Trying to reflect sunlight artificially could backfire
FRISCO — When it comes to global warming nothing is simple — and that includes proposals to mitigate the effects of heat-trapping greenhouse gases with planetary scale geo-engineering schemes. One of the ideas that’s been floated is to seed the atmosphere with material in order to reflect some of the sun’s incoming heat.
But a recent study by German researchers suggests that it probably won’t work — and could have unexpected consequences for the global water cycle. In their model, based on an energy balance analysis, the researchers showed that the water cycle responds differently to heating by sunlight than it does to warming due to a stronger atmospheric greenhouse effect. Upsetting that balance could shift the Earth’s rainfall patterns, the researchers said. “These different responses to surface heating are easy to explain,” said Axel Kleidon, of the Max Planck Institute for Biogeochemistry in Jena, Germany. Using a stovetop scenario as an analoy, Kleidon said, “The temperature in the pot is increased by putting on a lid or by turning up the heat … but these two cases differ by how much energy flows through the pot,” he said.
A stronger greenhouse effect puts a thicker ‘lid’ over the Earth’s surface but, if there is no additional sunlight (if we don’t turn up the heat on the stove), extra evaporation takes place solely due to the increase in temperature. Turning up the heat by increasing solar radiation, on the other hand, enhances the energy flow through the Earth’s surface because of the need to balance the greater energy input with stronger cooling fluxes from the surface. As a result, there is more evaporation and a stronger effect on the water cycle.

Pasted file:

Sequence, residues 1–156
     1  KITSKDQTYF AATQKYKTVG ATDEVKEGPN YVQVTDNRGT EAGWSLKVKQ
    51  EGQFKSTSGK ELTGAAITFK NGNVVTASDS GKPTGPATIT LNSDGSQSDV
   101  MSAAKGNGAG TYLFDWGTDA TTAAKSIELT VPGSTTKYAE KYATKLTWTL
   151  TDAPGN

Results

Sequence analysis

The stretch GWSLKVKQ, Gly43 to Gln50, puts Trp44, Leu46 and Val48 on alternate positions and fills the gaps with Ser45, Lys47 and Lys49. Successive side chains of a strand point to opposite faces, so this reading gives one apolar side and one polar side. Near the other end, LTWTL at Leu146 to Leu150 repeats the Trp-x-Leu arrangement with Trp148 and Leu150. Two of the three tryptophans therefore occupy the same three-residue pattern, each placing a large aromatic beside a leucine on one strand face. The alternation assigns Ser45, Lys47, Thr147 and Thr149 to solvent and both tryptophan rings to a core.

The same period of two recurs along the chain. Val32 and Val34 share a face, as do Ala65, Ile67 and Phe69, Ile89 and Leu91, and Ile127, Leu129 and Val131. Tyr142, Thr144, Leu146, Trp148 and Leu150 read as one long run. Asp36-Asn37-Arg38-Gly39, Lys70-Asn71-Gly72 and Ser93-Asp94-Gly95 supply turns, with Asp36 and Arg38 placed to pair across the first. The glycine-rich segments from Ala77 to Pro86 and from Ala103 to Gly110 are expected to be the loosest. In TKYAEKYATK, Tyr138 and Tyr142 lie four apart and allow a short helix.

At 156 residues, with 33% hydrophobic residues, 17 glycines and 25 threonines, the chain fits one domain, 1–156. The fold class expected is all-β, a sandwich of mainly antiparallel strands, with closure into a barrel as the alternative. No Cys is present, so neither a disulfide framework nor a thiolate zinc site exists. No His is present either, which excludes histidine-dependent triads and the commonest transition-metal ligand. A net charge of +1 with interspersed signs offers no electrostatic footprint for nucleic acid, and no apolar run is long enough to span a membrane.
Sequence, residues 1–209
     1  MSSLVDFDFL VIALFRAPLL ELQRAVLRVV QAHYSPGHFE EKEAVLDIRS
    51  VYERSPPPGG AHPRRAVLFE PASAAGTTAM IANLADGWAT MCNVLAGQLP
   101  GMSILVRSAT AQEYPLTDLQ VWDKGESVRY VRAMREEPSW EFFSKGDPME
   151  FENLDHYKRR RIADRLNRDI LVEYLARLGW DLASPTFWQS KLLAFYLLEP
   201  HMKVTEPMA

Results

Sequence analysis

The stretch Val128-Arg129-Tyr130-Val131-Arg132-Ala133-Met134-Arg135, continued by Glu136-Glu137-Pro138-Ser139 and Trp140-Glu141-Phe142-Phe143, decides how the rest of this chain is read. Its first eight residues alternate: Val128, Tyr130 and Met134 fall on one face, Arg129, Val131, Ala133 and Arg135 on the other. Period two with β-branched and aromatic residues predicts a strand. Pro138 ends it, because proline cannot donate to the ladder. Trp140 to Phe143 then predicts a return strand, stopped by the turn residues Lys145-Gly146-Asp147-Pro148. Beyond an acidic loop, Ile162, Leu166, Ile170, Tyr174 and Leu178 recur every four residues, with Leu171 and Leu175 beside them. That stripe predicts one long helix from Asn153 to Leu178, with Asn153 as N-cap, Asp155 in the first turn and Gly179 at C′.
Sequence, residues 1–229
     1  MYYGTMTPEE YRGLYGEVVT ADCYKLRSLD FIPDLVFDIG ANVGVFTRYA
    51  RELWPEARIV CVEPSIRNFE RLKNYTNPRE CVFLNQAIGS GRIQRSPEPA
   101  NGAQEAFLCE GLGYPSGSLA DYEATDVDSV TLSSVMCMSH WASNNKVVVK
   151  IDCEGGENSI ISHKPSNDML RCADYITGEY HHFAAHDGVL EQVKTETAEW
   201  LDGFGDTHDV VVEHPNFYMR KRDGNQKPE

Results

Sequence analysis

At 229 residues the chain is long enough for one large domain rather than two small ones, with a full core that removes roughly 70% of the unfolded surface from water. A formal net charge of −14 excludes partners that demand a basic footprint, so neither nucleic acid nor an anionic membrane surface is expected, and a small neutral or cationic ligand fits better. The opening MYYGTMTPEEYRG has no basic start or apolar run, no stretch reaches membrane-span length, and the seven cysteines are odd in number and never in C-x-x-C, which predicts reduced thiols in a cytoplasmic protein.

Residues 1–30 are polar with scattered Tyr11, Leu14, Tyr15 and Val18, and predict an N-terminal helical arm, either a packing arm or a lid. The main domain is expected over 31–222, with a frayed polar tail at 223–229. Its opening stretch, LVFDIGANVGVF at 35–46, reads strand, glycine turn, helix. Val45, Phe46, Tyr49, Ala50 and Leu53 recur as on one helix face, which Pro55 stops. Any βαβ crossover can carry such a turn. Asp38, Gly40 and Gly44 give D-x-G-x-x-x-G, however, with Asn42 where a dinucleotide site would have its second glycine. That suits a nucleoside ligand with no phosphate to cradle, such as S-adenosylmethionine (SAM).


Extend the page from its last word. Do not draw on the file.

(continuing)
In the new Earth System Dynamics study the authors also show how these findings can have profound consequences for geoengineering. Many geoengineering approaches aim to reduce global warming by reducing the amount of sunlight reaching the Earth’s surface (or, in the pot analogy, reduce the heat from the stove). But when Kleidon and Renner applied their results to such a geoengineering scenario, they found out that simultaneous changes in the water cycle and the atmosphere cannot be compensated for at the same time. Therefore, reflecting sunlight by geoengineering is unlikely to restore the planet’s original climate.
“It’s like putting a lid on the pot and turning down the heat at the same time,” explains Kleidon. “While in the kitchen you can reduce your energy bill by doing so, in the Earth system this slows down the water cycle with wide-ranging potential consequences,” he says.
Kleidon and Renner’s insight comes from looking at the processes that heat and cool the Earth’s surface and how they change when the surface warms. Evaporation from the surface plays a key role, but the researchers also took into account how the evaporated water is transported into the atmosphere.
They combined simple energy balance considerations with a physical assumption for the way water vapor is transported, and separated the contributions of surface heating from solar radiation and from increased greenhouse gases in the atmosphere to obtain the two sensitivities. One of the referees for the paper commented: “it is a stunning result that such a simple analysis yields the same results as the climate models.”